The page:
FYI: If you sign up for a MasterClass course by clicking on the affiliate links in this post, Open Culture will receive a small fee that helps support our operation.
When Spike Lee makes a movie, people talk about it. People talked in 1986 when he made the black-and-white indie comedy She’s Gotta Have It; they talked even more when he came out with Do the Right Thing a few years later; they talked, with sharply divided opinion, about his most recent picture, the crime-themed musical Chi-Raq; and they’re already talking about his upcoming Black Klansman, and not just because of the title. Lee has managed to remain culturally and artistically relevant throughout a career of more than thirty years and counting, and his new online course at Masterclass just might let us in on how he’s done it.
“When you’re an independent filmmaker, and making films outside Hollywood, that’s hard,” says the long Brooklyn-based Lee in the trailer for the course above. “You have to pray on bended knee at the church of cinema.” But even as an aspiring auteur with a pocket-change budget — Lee remembers well when he “was a caterer, the producer, the director, the screenwriter, acted in it, and I was the first AD” on his first feature — you already possess “tools that can help you tell a story”: heightening dynamic camerawork to heighten the emotions, for instance, or writing characters with strong beliefs to intensify the conflicts of the story. He used such techniques when he started out, and he still uses them today.
Though Lee seems more than willing to talk about his methods, you can’t fully understand any filmmaker unless you understand that filmmaker’s influences. And so we offer you Lee’s list of 95 essential movies every aspiring director should see, expanded from his original list of 87, drawn up to hand out to the graduate-school classes he’s taught. Featuring multiple works from directors like Akira Kurosawa, Alfred Hitchcock, Federico Fellini, John Huston, and Stanley Kubrick, the first version of the list runs as follows:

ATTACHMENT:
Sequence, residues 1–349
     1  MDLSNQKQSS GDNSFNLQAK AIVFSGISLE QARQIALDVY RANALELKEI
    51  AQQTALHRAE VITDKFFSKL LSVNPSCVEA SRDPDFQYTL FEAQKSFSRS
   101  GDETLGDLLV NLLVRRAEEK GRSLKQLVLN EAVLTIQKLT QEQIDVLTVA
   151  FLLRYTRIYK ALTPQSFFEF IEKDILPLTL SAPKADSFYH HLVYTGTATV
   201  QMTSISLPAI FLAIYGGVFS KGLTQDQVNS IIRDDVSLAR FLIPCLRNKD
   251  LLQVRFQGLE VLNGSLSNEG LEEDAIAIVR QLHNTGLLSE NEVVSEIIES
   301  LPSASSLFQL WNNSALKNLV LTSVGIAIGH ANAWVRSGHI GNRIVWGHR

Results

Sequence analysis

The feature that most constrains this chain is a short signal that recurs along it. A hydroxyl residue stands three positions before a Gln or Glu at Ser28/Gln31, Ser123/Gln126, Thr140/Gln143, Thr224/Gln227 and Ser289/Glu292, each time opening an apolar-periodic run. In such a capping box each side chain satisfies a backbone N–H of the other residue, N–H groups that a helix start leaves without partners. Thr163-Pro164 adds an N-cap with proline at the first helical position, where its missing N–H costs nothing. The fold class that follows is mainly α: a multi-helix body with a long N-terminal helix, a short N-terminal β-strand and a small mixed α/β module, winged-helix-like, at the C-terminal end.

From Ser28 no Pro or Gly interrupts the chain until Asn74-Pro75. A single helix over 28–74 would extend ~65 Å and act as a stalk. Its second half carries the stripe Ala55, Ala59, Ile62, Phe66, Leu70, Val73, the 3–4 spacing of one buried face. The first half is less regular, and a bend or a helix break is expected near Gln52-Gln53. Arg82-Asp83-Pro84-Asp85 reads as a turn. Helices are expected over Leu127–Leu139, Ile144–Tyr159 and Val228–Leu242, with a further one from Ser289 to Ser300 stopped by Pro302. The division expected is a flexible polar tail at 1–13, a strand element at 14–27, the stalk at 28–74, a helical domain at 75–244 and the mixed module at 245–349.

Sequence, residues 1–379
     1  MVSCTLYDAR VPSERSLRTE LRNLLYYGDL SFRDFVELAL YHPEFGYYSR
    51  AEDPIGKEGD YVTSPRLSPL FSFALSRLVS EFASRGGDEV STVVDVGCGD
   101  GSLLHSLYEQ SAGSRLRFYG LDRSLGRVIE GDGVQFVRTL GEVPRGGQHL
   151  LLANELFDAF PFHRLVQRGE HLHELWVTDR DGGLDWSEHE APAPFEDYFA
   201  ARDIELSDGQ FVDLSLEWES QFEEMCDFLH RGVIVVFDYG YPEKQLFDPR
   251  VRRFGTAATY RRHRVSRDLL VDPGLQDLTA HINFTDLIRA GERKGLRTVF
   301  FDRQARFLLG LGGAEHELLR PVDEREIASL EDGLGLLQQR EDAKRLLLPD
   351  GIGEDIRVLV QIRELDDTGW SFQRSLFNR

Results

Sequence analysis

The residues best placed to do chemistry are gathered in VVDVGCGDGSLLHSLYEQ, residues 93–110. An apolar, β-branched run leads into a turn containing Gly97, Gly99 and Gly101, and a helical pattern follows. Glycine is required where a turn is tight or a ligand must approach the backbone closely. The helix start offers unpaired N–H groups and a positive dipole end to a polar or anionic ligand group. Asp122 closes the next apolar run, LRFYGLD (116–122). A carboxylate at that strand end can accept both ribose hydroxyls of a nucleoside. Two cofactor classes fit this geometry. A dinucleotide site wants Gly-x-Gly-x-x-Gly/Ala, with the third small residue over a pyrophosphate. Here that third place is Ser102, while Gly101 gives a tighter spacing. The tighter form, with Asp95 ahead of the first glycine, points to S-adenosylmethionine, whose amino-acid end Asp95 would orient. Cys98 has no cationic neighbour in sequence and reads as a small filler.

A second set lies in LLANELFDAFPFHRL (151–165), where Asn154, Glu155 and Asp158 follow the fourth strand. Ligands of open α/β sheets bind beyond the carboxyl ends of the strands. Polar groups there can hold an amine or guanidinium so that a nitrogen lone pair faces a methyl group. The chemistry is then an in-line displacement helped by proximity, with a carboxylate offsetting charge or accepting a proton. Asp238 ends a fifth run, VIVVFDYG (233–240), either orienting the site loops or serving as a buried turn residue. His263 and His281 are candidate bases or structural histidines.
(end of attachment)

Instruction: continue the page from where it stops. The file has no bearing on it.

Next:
Taken to task for that list’s lack of female filmmakers, Lee came up with these additions:
- The Piano – Jane Campion (1993)
- Daughters of the Dust – Julie Dash (1991)
- The Hurt Locker – Kathryn Bigelow (2008)
- Sugar Cane Alley – Euzhan Palcy (1983)
- The Seduction of Mimi – Lina Wertmuller (1972)
- Love and Anarchy – Lina Wertmuller (1973)
- Swept Away – Lina Wertmuller (1974)
- Seven Beauties – Lina Wertmuller (1975)
Lee’s Masterclass on filmmaking joins the site’s other offerings on the same subject from auteurs no less distinctive than Martin Scorsese and Werner Herzog. Though all three became major filmmakers at different times and under different circumstances — and ended up with very different cinematic sensibilities — they all, as Lee might put it, pray at the same church.
And just as it takes the perspective of many theologists to get a sense of the ineffable essence of the divine, so it takes the perspective of many filmmakers to get an ineffable essence of cinema. You could take all three courses with Masterclass’ $180 all-access pass, or you could pay $90 for just Lee’s. Either way, you’ll learn how he made She’s Gotta Have It for a then-dirt-cheap $175,000, but these days you could surely go out and shoot your own film afterward for not much more than the cost of the Masterclass itself. It’s still hard out there for an indie filmmaker, mind you; just not quite as hard as it was.
Based in Seoul, Colin Marshall writes and broadcasts on cities and culture. His projects include the book The Stateless City: a Walk through 21st-Century Los Angeles and the video series The City in Cinema. Follow him on Twitter at @colinmarshall or on Facebook.